Making prank emergency calls to police is a criminal offence. Although it may seem like a harmless prank, making a hoax call can lead to heavy fines and a prison sentence of up to three years. Fake calls to police can be anything from a hoax call to attend a minor incident to making fake claims of a major incident resulting in an armed response team being called out.
Fraudulent phone calls to police have been in the media recently as the first publicised case of “swatting” in Australia took place in Sydney earlier this month.
What is swatting?
Swatting has, until now, most commonly occurred in the US. Swatting gets its name from the SWAT teams of police who are called to serious incidents. Swatting is where a third party makes a prank call which results in a SWAT team being sent to a specific address. Swatting is often done maliciously to cause havoc for someone the swatter doesn’t like. It can also be done for notoriety and attention and has in a few well publicised cases been used against celebrities in the US.
Why do hoax calls and swatting have such big penalties?
Hoax calls, whether made to police, ambulance or fire services can lead to wasted time and resources and can potentially put lives in danger – someone may be in genuine need of help while emergency services personnel are occupied attending a hoax. The penalties for making a hoax emergency services call are severe to provide a deterrent against people who may be considering carrying out a prank or hoax call.
Can police trace the call to me?
As they are trying to deter members of the public from making prank calls and wasting police time, police will generally take steps to identify a prank caller. If calls are made through a landline or mobile phone it is often possible for emergency services to trace the call.
As computer hackers get more sophisticated in their methods, police will need to start using increasingly advanced ways of tracing the source of fraudulent calls.
What if I didn’t make the hoax call and police say I did?
If you have been a victim of swatting or a hoax call was made from someone pretending to be you, it’s important to let police know as soon as possible. Provide them with access to any mobile phones, computers or other devices which were allegedly used to make the call and speak to a lawyer for advice as soon as you can.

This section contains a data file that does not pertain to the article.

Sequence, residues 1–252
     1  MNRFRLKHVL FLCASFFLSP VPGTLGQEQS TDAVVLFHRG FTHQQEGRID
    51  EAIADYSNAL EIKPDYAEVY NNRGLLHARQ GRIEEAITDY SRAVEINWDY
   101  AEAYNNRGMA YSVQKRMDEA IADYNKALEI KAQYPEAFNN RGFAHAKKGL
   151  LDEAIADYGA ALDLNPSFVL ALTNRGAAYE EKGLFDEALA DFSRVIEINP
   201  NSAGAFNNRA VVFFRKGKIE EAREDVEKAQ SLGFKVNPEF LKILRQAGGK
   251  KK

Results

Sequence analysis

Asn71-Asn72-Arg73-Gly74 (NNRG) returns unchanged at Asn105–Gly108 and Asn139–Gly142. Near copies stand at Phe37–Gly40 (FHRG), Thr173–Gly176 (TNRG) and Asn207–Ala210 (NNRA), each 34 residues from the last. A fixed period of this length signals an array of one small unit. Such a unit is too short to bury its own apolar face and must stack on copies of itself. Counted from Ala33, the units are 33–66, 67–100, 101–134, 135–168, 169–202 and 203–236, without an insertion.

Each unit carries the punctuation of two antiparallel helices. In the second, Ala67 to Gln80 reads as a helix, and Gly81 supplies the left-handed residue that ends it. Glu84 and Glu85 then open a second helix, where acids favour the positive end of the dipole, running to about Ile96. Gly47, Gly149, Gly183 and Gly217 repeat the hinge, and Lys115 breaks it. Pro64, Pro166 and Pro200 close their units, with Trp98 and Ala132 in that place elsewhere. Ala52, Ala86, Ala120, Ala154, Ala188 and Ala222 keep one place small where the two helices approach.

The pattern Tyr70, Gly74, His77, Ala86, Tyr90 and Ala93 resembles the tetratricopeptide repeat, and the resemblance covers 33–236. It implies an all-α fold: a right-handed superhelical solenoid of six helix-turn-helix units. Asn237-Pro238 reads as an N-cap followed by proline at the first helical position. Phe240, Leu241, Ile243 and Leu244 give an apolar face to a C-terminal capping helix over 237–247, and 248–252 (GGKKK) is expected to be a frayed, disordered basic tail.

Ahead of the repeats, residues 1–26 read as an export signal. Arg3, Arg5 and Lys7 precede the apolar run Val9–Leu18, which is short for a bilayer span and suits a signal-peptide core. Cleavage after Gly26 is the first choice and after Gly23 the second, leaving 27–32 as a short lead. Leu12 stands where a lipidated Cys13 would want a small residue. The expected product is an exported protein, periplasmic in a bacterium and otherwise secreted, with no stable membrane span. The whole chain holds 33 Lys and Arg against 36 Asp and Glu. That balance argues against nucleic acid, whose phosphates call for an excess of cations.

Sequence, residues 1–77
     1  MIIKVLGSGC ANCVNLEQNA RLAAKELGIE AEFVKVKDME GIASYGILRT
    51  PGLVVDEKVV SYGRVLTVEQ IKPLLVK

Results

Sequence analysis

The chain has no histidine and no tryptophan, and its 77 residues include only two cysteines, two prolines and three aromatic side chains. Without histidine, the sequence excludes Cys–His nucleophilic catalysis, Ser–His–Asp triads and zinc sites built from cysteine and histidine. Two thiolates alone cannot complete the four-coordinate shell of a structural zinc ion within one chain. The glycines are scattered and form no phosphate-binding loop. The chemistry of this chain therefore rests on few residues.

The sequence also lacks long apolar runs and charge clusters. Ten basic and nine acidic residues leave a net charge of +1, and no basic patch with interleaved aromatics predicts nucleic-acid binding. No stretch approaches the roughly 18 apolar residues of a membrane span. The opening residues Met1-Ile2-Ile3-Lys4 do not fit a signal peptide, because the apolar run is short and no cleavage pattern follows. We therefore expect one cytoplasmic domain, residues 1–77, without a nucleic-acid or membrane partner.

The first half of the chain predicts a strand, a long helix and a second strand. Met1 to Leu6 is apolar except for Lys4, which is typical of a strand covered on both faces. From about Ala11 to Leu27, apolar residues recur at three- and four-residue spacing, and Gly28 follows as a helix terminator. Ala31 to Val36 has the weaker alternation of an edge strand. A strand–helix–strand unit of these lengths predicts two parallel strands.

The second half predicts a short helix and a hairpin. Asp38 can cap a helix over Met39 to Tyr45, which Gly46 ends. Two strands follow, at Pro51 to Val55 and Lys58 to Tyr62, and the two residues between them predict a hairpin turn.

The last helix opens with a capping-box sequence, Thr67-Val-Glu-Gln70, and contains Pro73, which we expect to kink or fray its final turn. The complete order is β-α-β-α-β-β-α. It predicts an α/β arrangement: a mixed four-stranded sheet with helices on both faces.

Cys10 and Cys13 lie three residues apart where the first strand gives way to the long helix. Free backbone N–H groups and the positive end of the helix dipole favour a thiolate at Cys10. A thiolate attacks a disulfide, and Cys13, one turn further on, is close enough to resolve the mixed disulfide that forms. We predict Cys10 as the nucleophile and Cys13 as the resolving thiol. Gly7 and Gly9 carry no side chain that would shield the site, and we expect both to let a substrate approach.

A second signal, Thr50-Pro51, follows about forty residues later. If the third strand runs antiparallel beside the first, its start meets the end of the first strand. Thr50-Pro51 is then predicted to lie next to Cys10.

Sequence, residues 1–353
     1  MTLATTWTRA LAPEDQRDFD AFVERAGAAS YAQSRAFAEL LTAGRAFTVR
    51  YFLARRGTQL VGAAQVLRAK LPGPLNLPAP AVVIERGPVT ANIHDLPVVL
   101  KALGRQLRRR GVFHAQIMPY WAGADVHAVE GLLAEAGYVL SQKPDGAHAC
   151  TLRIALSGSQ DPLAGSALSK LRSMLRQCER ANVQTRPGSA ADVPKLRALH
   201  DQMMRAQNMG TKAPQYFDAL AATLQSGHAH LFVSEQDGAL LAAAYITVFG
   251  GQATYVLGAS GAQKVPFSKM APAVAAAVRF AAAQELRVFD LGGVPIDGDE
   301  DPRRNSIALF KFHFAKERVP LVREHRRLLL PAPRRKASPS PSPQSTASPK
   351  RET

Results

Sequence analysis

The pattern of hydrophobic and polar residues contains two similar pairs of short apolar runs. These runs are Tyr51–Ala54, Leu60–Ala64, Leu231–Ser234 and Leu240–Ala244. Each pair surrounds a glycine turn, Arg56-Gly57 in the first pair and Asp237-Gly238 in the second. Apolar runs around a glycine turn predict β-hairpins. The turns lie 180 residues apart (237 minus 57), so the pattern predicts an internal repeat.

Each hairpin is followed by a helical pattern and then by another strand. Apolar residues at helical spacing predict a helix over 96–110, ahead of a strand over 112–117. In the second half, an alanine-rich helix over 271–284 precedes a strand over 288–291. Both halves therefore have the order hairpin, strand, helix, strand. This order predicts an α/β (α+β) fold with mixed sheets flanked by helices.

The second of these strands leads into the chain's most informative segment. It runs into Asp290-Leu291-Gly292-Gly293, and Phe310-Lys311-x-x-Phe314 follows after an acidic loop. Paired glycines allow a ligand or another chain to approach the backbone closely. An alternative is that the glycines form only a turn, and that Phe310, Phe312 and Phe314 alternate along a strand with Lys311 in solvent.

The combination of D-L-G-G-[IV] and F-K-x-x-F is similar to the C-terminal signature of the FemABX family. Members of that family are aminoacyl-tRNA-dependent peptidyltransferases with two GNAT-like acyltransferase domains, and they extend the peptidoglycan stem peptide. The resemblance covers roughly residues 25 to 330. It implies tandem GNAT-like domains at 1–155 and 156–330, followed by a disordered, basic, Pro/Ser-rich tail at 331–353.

In a recent case in Sydney, a hoax call was made to 000, resulting in over 20 police officers in bullet proof vests swarming on a home in South Sydney after a hoax report of shots being fired at the property. The text message was reportedly sent from a mobile phone belonging to 18 year old Mathew McGrath who lived at the address but he denied sending it.
Police have released Mr McGrath without charge and have confiscated three computers and a mobile phone for further examination. According to hackers it is possible for someone to hack into another person’s laptop or other device and use it to make skype or online phone calls and send messages.
If I’m convicted of making a hoax call to emergency services, what penalties will I face?
Making a hoax call to emergency services is a Commonwealth Offence and falls under the Criminal Code Act 1995 (Telecommunications Offences). Improper use of emergency call service comes with a maximum penalty of imprisonment for three years. Under this legislation a person can be found guilty of an offence if they make a call to an emergency service number with the intention of inducing a false belief than an emergency exists.
If you have been charged with making a hoax call to police or any other emergency service, seek legal advice as soon as possible.